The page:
(a) Experimental setup: ECDL—external cavity diode laser; DDAVLL—Doppler-free dichroic atomic vapour laser lock; SMF—single-mode fiber; P—polarizer; BE—beam expander; PD—large area photo diode
Figure 1. (a) Experimental setup: ECDL—external cavity diode laser; DDAVLL—Doppler-free dichroic atomic vapour laser lock; SMF—single-mode fiber; P—polarizer; BE—beam expander; PD—large area photo diode. For certain measurements the small aperture on the translation stage is placed in the laser beam allowing only a selected part of the laser beam cross-section to reach the detector, while the rest of the laser beam is blocked. Π-shaped beam profiles were recorded by a beam profiler placed at 3 cm (b) and 30 cm (c) from the 3 mm circular aperture. (b) The dashed (red) curve is the profile of the Gaussian laser beam of the same power and diameter as the Π-shaped beam. Note that, in order to have the same overall power of the two laser beams, the peak of the Gaussian beam in the present graph has to have double the value of the flat region of the Π-shaped beam if the diameter of the Gaussian beam is measured at 1/e2 of the peak intensity.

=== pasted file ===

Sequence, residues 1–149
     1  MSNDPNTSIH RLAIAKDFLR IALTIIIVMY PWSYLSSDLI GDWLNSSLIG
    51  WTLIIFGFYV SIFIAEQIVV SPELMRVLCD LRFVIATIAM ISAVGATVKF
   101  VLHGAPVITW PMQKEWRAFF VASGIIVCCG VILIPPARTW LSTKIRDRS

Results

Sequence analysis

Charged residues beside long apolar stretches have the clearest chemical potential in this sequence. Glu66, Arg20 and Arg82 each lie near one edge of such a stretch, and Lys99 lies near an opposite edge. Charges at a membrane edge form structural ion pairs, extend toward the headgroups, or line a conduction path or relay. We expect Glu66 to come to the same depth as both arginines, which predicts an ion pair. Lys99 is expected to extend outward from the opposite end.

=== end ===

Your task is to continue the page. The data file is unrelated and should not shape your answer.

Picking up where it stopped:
Experimental and theoretical analyses show the effect of laser beam radial intensity distribution on line-shapes and line-widths of the electromagnetically induced transparency (EIT). We used Gaussian and Π (flat top) laser beam profiles, coupling the D1 transition of 87Rb atoms in the vacuum cell in the Hanle experimental configuration. We obtained non-Lorentzian EIT line-shapes for a Gaussian laser beam, while line-shapes for a Π laser beam profile are very well approximated with Lorentzian. EIT line-widths, lower for Gaussian than for Π, show nonlinear dependence on laser intensity for both laser beam profiles. EIT amplitudes have similar values and dependence on laser intensity for both laser beams, showing the maximum at around 0.8 mW cm−2. Differences between the EIT line-shapes for the two profiles are mainly due to distinct physical processes governing atomic evolution in the rim of the laser beam, as suggested from the EIT obtained from the various segments of the laser beam cross-section.